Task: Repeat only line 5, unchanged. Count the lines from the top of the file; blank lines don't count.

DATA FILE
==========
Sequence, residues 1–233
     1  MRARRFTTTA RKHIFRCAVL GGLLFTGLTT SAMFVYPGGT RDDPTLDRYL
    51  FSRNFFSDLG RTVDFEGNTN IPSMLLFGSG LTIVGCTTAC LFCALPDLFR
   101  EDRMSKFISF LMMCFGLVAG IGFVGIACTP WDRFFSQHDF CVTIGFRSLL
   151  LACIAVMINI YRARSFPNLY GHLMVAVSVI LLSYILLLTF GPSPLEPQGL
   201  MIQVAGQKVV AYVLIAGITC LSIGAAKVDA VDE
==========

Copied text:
   151  LACIAVMINI YRARSFPNLY GHLMVAVSVI LLSYILLLTF GPSPLEPQGL